The world rediscovered quite a few new interests while staying home during the pandemic. Some found joy in the kitchen, some raised plants, others made time and space for a kitten or a puppy.
Many friends and colleagues have turned barren balconies into mini-gardens, either reviving wilted plants or investing in new blooms, and at least six people I know have adopted or fostered a “pandemic puppy” or two in the past seven months. In my own case, an indie puppy that would follow me on morning walks on the empty streets came all the way up the stairs one day in April and hasn’t left since.
In the initial weeks of the lockdown in India, reports of pets being abandoned soared, prompted by rumours of animals transmitting the virus, and shelters struggled to care for animals. Since then, a lot has changed. More people are feeding stray animals on the street, others are adopting pups and kittens from their neighbourhoods or local shelters.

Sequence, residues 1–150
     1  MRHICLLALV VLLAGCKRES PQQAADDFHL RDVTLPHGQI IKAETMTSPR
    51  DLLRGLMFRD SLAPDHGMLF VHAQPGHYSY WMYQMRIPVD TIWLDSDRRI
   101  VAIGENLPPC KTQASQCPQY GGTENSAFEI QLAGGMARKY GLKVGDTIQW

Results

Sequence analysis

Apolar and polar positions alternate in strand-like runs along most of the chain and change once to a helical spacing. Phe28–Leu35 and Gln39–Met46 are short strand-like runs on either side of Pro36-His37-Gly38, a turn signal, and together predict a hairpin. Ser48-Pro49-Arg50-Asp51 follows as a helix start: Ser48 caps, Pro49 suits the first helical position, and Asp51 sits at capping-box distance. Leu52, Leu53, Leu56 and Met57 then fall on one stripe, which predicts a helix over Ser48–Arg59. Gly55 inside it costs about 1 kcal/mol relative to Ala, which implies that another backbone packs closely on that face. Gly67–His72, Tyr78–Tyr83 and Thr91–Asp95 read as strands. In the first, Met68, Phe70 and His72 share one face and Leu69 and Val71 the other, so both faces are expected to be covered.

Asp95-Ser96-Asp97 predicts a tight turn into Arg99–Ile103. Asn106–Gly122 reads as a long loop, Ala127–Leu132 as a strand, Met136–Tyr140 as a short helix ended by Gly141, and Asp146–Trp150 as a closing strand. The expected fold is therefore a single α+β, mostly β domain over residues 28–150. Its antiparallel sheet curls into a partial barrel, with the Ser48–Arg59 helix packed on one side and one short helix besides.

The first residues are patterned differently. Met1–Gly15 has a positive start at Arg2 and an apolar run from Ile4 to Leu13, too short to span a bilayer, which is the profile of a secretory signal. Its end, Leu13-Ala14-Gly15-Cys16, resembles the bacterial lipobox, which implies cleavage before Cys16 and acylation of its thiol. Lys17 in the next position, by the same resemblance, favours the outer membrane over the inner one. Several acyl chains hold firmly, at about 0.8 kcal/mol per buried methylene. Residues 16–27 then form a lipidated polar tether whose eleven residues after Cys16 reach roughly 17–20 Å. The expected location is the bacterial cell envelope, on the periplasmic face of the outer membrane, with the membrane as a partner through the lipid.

Worldwide, adoption and sales of animals have been soaring. In New York, shelters have reported that about 25% of the people who agreed to take in foster dogs temporarily at the start of the pandemic had adopted them permanently by late June. Usually, that foster-turned-adopter figure is 10%, reports The Washington Post. We don’t have such estimates in India, but rescue organisations have reported an increase in people fostering and then adopting stray animals—and that was the motivation for our cover story this week.
Doctors and experts have been warning of a possible mental health crisis as reduced social interaction, economic uncertainty and anxiety about contracting the virus combine to create psychological distress. For many, caring for and playing with pets or raising plants have been an outlet. There is, of course, the worry about what will happen when we return to school and work—but going by the bonds people have formed with their kittens and puppies and plants, there’s reason to hope they will continue to live happily ever after.
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